So after dumping us all off, 315 cleared up in the Elk Park siding, some distance to the south. With failing light and being less than thrilled with the bridge shot, Nathan Z. and I went looking for other photo opportunities. After doing a little landscaping, this shot opened right up.
This actually would be a dual run-by – the presidential special pulled up to let off its passengers as well, and then backed way up so that 315 could also participate. This was about the last possible shot from our new-found spot, as the clouds were clearing and direct light returning to the canyon floor.
With our secret spot no longer usable because of light, we rejoined the main photo line.
473 making its run past the line. Notice the doofus up on the rocks in all of our shots. The genius didn’t respond to the entire photo line yelling at him, and was just slightly out of pelting range.
A better look at 473’s paint job in the sunlight.
While 473 was stopped and picking up passengers, I grabbed a few shots of the flags flying on the front end. Yes, the supersaturated effect is intentional.
Ah, what a miserable place to spend an afternoon… (very big, cheesy grin intended)
The last thing to wait on was the motorcars. Once they were by, 473 headed on south and 315 returned to collect us. The light was once again going, this time not due to clouds but rather on account of the lateness in the afternoon.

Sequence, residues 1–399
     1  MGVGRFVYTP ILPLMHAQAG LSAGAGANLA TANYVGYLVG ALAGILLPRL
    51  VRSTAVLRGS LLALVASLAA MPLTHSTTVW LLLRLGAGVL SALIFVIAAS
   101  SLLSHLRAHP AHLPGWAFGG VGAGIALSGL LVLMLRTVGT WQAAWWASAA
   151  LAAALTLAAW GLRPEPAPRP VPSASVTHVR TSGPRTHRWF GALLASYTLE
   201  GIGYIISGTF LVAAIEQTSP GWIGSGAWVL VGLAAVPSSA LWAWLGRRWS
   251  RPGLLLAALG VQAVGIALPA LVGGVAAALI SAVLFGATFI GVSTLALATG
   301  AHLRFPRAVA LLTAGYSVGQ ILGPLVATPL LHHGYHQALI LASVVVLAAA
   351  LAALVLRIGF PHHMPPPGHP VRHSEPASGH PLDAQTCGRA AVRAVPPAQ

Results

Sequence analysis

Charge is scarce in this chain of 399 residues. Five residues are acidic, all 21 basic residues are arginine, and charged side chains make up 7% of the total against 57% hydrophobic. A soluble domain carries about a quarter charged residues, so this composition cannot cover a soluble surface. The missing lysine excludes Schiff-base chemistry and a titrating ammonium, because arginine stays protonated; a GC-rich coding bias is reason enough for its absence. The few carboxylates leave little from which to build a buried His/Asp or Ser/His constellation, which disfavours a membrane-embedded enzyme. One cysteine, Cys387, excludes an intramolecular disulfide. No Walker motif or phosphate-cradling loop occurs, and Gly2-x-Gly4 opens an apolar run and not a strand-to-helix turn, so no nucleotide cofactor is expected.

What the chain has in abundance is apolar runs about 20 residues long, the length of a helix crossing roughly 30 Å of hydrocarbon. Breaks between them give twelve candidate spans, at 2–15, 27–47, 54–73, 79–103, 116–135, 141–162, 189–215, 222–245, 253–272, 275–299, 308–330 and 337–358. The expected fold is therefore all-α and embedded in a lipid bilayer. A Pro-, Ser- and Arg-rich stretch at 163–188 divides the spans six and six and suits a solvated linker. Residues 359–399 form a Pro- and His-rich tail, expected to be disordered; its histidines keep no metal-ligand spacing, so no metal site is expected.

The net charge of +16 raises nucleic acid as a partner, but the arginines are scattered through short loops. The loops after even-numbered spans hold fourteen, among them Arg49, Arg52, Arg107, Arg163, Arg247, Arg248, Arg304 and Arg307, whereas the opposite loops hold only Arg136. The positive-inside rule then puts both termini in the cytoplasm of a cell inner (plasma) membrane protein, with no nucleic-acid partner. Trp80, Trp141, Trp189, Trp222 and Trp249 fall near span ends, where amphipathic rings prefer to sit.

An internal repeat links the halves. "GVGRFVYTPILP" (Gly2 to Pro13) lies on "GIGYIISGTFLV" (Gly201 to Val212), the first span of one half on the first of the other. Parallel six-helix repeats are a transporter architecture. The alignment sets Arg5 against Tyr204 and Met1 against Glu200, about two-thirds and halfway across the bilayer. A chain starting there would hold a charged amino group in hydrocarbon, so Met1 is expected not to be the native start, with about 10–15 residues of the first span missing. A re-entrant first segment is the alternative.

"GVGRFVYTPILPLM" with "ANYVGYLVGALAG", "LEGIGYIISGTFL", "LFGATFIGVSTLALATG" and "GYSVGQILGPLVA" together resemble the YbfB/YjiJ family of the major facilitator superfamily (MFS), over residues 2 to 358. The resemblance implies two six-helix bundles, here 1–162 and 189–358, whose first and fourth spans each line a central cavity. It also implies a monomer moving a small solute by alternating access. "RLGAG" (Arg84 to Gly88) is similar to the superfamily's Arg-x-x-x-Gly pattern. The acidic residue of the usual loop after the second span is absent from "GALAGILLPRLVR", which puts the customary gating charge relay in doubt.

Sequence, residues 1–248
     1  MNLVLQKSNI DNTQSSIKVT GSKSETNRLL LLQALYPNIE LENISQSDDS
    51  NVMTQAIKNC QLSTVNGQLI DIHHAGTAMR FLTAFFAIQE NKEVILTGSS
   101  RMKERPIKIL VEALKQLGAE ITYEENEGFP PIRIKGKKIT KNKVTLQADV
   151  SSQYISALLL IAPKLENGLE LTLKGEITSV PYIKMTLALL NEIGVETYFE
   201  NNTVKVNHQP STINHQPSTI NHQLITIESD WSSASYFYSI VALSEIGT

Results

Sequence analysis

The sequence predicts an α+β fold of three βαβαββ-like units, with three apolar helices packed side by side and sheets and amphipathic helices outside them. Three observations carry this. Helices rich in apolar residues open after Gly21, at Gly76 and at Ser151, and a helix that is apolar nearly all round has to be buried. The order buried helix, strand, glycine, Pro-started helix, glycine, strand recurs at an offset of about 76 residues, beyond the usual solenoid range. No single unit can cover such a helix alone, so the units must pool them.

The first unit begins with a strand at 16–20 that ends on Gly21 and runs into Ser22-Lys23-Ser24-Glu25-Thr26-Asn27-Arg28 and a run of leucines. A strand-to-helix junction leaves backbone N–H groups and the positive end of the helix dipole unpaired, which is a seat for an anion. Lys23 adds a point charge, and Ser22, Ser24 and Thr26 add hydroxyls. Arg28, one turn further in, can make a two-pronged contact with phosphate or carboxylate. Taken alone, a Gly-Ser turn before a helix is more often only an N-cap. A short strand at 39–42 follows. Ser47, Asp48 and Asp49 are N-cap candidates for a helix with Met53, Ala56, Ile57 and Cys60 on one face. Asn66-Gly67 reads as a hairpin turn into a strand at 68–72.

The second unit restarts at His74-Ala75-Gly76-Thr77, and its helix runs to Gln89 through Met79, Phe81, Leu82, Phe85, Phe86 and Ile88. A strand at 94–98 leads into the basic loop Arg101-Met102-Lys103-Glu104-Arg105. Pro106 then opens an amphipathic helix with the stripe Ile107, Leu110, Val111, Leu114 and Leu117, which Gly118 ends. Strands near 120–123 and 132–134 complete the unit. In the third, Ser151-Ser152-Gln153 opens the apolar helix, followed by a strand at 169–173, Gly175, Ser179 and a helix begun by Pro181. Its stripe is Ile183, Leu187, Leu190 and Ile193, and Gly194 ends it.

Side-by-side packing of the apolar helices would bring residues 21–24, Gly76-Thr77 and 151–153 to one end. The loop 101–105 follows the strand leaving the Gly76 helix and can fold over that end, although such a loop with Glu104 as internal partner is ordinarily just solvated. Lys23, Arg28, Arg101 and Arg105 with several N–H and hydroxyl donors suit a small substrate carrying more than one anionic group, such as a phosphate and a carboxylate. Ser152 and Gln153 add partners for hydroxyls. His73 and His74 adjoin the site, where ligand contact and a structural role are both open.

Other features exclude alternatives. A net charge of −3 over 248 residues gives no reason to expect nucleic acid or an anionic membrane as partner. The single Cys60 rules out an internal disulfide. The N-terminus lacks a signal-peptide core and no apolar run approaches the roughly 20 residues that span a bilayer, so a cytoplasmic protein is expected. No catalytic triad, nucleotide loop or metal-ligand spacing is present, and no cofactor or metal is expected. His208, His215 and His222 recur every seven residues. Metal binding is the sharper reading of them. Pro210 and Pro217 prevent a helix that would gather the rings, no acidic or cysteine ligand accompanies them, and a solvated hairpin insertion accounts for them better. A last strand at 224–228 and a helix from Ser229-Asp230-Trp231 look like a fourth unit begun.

One final stop for the day at Needleton tank. The tank is non-functional, of course, but the crew was happy to play along and put the spout down.
Some of the day’s crew poses on the 315 for us all. Thank you all for the hard work to haul us around, even if traffic levels didn’t allow for much of a photo special.
One last shot going over the High Bridge on the way back to Durango. Our crew is actually on the verge of going dead, so there’s a relief crew waiting at Rockwood. Before it’s all said and done, it’ll be a 13+ hour day.
Sunday, August 24 – Exploring East Mancos
Sunday offered a tour of the third remaining water tank on the RGS. Yes, there are three. In addition to the Rico and Trout Creek tanks, which are readily accessible from public roads, there’s a third at East Mancos. Few people have seen it, as the tank site lies deep in private property and away from any public road. The ranch that owns the tank is currently for sale (and for a cool $3.3 million,
it could be yours), and thanks to the efforts of Rod Guggenheim and the realtor, Dave Coates, we were able to pay the site a visit. In addition to getting a bunch of photos of the tank, it also offered an opportunity to photograph the remains of one of the Rio Grande’s earliest cars – an 1880 Billmeyer & Small Mail/Baggage car purchased by the RGS in 1891 and turned into a section house in 1903. The car is mostly collapsed, but is still an incredible piece of history in the field. Hopefully you RGS fans out there will enjoy this rare look at a seldom-seen location. Thanks to Rod and Dave for putting up with all of us, and for arranging this tour.
Before heading over to Mancos to visit the tank, I stopped by the Durango bridge to catch DSNG 486 and the second regularly-scheduled train.
Here’s the property – the East Mancos tank is well within the ranch, and normally off-limits. The ranch is currently up for sale, so if you have an extra $3+ million lying around, you too could own East Mancos. Thanks to Dave (the realtor) and Rod Guggenheim, a few of us had the opportunity to visit the site.
After driving most of the way in, we walked the last few hundred yards down to the tank site. The track here made a series of loops to descend the hill to cross the East Mancos River on Bridge 131-A, and the East Mancos tanksite was on the approach to the bridge. This is looking down the grade towards the tank, still out of view.